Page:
• I also did some very basic research on the stripping procedure that the doctor had done. It is not as simple as she made it sound. It seems that it is effective only if the body is ready for labour and the cervix is adequately ripened and dilated. (I was not even 1 cm dilated when she did it). Moreover, it is not entirely risk-free and can result in infections both for the mother and the baby.
  • Lastly, after the surgery, she told me the reason why the head had not fixed fully was because it was de-flexed. I looked this up as well. The ideal position for labour is when the baby is head down, facing the mother’s back, with its chin tucked on its chest. When the chin is not tucked, the position is known as ‘deflexed head’. Nowhere did I find anything to suggest that this necessitates a caesarean (as a breech position does). It is only an indication of a possibly long, slow and difficult progression of labour. If this was indeed the case, I should have been the one to choose since it was not about risk levels. And we would have known that all that was holding things up was the deflexed head if she had only done an ultrasound before pressing the button…

I know all this sounds a bit like crying over spilt milk but I feel cheated out of a potential normal delivery. And it might happen the next time around too, since doctors are usually even more risk-averse when it comes to a vaginal birth after c-section (VBAC). It also doesn’t help that everyone involved, including family members, was very disappointed that I didn’t have a ‘normal’ birth. I know better now, but in the less rational postpartum days, I just felt like a big, fat failure.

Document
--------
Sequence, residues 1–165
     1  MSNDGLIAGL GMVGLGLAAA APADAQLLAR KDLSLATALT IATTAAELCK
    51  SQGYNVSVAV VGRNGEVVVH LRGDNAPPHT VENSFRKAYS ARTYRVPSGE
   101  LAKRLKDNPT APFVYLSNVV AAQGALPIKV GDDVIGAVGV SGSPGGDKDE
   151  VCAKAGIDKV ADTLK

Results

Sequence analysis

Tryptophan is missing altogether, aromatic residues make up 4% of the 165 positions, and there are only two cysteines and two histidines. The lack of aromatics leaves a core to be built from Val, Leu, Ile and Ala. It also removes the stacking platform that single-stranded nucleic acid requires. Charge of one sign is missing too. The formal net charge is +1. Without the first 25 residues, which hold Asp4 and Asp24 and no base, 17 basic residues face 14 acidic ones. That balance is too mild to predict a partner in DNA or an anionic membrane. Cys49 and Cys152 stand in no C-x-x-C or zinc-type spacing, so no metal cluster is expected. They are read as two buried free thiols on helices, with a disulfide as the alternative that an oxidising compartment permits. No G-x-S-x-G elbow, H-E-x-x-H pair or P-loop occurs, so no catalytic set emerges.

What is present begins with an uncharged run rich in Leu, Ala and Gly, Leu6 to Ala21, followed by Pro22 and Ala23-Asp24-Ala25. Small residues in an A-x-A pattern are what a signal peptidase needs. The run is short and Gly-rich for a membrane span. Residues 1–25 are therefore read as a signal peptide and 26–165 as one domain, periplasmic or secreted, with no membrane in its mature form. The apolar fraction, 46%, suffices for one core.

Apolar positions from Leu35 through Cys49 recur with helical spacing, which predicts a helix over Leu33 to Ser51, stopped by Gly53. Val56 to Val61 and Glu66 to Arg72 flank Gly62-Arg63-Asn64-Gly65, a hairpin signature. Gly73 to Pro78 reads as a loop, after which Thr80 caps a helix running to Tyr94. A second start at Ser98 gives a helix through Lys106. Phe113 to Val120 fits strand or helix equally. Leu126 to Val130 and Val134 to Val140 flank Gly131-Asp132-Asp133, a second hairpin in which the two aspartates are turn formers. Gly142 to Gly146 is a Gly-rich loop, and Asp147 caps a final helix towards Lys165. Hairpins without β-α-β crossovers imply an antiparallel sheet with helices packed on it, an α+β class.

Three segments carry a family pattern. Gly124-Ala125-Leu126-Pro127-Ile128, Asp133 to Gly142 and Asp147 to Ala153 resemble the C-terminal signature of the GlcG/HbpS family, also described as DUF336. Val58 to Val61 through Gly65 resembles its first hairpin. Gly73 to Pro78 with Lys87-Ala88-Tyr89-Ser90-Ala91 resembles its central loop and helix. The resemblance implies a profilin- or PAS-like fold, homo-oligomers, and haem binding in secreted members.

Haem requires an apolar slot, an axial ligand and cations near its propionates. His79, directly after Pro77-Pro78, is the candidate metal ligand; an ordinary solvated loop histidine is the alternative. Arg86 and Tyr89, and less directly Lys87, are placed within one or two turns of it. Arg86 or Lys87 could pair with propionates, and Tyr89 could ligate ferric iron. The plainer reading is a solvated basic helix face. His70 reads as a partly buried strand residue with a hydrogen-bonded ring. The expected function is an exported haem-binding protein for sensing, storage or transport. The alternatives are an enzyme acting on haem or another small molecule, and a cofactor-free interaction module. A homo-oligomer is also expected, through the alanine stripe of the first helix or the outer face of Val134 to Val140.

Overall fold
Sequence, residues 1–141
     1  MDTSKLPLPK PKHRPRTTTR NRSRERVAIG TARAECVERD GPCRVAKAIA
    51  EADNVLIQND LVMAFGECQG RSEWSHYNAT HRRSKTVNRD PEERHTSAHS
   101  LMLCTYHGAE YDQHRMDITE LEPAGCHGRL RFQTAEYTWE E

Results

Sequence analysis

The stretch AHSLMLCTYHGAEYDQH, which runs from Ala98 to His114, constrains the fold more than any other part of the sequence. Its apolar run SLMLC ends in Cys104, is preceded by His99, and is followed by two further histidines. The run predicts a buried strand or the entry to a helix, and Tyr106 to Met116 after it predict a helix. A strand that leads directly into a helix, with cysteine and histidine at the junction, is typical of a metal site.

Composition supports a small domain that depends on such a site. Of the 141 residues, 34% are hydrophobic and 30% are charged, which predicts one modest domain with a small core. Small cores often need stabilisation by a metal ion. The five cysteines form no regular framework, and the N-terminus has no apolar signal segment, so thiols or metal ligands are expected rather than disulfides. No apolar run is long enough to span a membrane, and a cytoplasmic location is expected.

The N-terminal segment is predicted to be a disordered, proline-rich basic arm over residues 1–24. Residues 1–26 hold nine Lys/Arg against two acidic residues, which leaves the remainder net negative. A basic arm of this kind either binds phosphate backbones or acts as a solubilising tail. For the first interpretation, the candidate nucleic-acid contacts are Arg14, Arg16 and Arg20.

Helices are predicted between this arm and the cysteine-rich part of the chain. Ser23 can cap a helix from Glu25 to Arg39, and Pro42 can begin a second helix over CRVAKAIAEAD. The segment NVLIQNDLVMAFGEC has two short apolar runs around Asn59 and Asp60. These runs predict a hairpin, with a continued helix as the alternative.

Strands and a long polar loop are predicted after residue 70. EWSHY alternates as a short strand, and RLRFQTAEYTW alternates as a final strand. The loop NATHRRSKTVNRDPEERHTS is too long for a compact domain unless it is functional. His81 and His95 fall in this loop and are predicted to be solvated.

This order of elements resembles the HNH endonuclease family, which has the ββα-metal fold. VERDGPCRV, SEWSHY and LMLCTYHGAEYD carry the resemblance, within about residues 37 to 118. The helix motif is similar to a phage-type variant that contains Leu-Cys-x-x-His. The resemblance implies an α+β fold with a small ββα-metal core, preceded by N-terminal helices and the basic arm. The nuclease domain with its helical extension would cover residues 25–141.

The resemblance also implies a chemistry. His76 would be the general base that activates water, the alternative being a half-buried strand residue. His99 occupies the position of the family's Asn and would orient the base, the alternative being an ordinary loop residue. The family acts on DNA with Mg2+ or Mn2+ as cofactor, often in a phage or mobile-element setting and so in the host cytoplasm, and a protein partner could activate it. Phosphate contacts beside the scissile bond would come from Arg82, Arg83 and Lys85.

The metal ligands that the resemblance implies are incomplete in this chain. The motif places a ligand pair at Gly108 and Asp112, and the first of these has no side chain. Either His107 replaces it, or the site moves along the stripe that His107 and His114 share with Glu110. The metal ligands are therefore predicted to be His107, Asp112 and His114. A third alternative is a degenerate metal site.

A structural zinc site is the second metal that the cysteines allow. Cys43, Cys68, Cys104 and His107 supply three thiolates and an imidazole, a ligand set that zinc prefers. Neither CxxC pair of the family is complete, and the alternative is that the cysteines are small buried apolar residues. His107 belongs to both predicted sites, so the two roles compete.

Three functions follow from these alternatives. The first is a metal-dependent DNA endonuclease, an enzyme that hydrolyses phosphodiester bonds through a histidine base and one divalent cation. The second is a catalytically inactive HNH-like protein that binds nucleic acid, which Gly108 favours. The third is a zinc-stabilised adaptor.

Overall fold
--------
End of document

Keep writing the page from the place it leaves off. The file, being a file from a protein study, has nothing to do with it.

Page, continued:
On a final note, I have nothing against c-sections or people who have them. I just feel, and I am sure that most of you would agree, that if a natural birth is possible and there are no real risks involved, then doctors and mothers should be patient and let nature take it course.


  1. Sympathies with your ordeal.I am glad everything went well in the end.I am happy for you.

    I know you feel cheated out of a great experience, but what's imp is that you and baby are healthy and had a happy ending.

    Take care and enjoy.

  2. regular or C-sec - you have a healthy happy Ayaan now, dont you?
    And dont go to that gynec again - looks like she values her weekend more than she does her patients ...

  3. Natural birth yes but please take the painkillers on offer, men can't stand their women being in so much pain.

    Looking back I guess you made the best decision with the info that you had... maybe next time will be different ;)?

  4. that's a lot of great info right there for a first-time to-be-mom. i'm terrified of natural birth, the labor pains & all that, but i would definitely not appreciate being pushed into having a c-section and being cheated out of what others have told me can make you feel like you can take ont he world single-handed (if you've delivered naturally!).
    here too (in dubai), there's a lot more c-sections than natural vaginal births. i've got the whole third trimester ahead of me and let's see what happens.
    i'm at babystory.wordpress.com

  5. [Asha] Absolutely. In the final analysis, all that really matters is that Ayaan was born healthy.

    [Somethingtosay] You bet! Not only am I never going back to her, she's not getting any business from any of my friends, colleagues and acquaintances either.